The Daily Enterprise. (Enid, Okla. Terr.), Vol. 1, No. 44, Ed. 1 Wednesday, November 8, 1893 Page: 4 of 4
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A COMMON HOUSE BAT.
18 QUICK TO LEARN AND IS AN
Fl/lnf Squirrel*, Mice, Alligators, Cham-
eleons, Turtles anil Horned Lizard*
Can Bv Tamed and Trained to Do
Tricks—Pets In Families.
Some of tho most pleasing pets aro
found among tho rodents, the little
fellows whoso teeth aro so trouble-
some and require bo much looking
after. There aro tho squirrels, to
begin with. Every ono is frolicsome,
noat, easy to tako caro of, and alto-
gether bewitching. A Bquirrol ot
any sort likes a warm bod, out of tho
reach of meddlesomo children, plenty
of nuts to oat, and liberty—for, like
everybody else, he hatos a cage.
The gray squirrel is tho most elegant
of tho tribo (unless we except tho
black, who is not so often scon), and
ho is intelligent and affectionato.
The rod squirrel is ono of tho most
lively of a wonderfully active family,
and is exceedingly lnventivo in
pranks. The chipmunk, though
frisky enough, is said to bo the least
interesting of his race, and tho Hying
squirrel is rathor quiet for ono of his
kind, and entertaining only at night.
As hinted above, uli rodents ro-
quire watching, for their toeth grow
rapidly, and something to gnaw is a
neoessity of their oxistonoo. This,
indeed, is ono reason why captivity
in a cage is so distasteful to thom—
it is impossiblo to securo sufllciont
oxerclse for their toeth. Tho whole
family is said to bo unusually fond of
music; somo of thom boeome so ab-
sorbed in listening io tho notos of an
instrument, or even to whistling,
that they lose consciousness of dan-
ger, and may bo caught without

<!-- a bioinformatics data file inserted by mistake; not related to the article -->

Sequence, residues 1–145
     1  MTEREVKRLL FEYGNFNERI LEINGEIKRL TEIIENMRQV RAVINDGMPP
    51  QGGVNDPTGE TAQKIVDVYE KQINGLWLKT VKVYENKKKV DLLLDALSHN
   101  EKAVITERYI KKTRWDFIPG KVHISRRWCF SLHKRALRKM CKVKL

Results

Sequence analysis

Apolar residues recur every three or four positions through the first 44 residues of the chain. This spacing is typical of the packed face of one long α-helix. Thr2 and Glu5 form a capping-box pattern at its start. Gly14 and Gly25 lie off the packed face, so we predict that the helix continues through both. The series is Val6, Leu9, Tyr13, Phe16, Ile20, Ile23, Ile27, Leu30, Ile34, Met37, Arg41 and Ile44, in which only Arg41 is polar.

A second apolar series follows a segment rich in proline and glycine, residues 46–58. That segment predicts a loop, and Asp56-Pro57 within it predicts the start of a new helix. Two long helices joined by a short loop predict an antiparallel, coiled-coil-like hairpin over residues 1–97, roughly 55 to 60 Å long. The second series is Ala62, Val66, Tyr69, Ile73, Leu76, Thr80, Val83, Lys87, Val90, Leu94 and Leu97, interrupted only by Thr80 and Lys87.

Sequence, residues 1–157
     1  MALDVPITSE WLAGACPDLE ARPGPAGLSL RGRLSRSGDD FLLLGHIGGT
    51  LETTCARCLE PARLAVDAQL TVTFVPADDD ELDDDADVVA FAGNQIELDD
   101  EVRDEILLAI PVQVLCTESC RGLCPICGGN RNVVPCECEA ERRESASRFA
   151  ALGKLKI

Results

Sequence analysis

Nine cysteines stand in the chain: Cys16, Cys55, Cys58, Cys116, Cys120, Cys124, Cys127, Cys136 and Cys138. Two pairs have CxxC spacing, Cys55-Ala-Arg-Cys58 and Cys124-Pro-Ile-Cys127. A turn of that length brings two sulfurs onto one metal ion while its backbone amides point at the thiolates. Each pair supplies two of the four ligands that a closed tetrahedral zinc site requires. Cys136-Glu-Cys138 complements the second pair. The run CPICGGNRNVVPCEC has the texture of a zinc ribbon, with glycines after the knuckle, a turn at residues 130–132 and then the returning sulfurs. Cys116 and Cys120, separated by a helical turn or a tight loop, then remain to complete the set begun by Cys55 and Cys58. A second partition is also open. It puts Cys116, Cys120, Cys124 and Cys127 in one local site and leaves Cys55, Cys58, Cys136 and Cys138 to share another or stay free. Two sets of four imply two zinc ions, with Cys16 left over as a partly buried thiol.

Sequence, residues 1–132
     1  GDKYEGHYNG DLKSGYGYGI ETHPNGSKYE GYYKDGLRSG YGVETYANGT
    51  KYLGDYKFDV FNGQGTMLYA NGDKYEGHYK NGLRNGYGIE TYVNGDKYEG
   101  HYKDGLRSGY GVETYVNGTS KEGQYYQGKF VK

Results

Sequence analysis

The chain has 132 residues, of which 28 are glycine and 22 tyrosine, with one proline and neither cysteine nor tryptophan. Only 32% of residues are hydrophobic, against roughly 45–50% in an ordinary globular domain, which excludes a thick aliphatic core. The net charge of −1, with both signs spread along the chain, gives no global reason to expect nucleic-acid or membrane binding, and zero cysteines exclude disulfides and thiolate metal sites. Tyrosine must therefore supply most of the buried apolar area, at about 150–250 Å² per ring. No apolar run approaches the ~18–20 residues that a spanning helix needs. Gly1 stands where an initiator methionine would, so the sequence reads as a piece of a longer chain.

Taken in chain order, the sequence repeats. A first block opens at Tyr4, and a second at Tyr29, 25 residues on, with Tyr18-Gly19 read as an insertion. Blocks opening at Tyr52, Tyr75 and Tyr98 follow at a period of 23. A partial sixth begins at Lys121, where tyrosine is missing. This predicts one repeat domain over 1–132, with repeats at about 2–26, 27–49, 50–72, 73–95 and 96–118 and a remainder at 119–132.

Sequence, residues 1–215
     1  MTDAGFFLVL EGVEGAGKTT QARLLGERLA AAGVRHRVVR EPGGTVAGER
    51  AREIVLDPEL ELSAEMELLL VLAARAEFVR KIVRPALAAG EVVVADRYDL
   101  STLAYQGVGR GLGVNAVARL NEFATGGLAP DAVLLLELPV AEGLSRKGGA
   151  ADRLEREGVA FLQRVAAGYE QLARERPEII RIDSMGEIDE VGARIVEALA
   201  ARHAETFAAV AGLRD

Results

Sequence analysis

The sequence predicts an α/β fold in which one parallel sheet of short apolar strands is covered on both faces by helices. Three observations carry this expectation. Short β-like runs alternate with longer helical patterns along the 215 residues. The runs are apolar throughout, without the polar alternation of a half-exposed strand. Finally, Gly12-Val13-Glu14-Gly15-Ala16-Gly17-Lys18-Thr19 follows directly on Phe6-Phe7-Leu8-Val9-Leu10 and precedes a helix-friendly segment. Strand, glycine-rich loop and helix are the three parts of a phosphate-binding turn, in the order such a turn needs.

trouble. I would not advise, how-
ever, that one's hand bo employed to
seize a squirrel, for ho might como
to his senses and use his teeth.
Another rodent, tho rat, is not
popular with pot-lovors in gonoral,
but persons who have ovorcomo tho
repugnance which our raeo fools for
his-rKrank Huckland, of Kngland, for
instanoe—insist that ho is, above all
other little animals, amusing and en-
tertaining. He is full of gambols as
a kitten and scrupulously neat in the
care of his person, washing and
brushing Ills fur as carefully as a cat.
Though not over-dainty In feeding
when he is wild and has to live by
his wits, he is particular and notional
to the last degree whon ho is cared
for and able to choose. The rat is
peculiarly amonablo to instruction
woll as oared for, its intelligence de-
velops and the boast becomes very
like the human being. Watched
with loving oyes, tho actions of tho
I pet are understood and rcspondod to,
and ono is surprised to see almost a
common languago established bo-
twoon tho two races. It is a won-
derful and beautiful study, and that
family has moro pleasure and real